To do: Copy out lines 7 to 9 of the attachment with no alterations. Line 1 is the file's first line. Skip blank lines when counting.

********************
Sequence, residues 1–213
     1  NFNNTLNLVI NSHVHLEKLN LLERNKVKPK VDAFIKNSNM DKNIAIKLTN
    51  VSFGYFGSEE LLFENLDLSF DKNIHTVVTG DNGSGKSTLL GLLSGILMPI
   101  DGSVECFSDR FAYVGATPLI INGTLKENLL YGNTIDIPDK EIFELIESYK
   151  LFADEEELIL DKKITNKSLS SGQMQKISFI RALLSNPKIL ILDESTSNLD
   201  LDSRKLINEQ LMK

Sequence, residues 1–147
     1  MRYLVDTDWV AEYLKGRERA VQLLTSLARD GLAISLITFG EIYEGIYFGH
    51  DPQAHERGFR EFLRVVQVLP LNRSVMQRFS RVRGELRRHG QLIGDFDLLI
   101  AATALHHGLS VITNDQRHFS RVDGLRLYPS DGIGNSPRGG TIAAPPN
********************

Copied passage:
Sequence, residues 1–147
     1  MRYLVDTDWV AEYLKGRERA VQLLTSLARD GLAISLITFG EIYEGIYFGH
    51  DPQAHERGFR EFLRVVQVLP LNRSVMQRFS RVRGELRRHG QLIGDFDLLI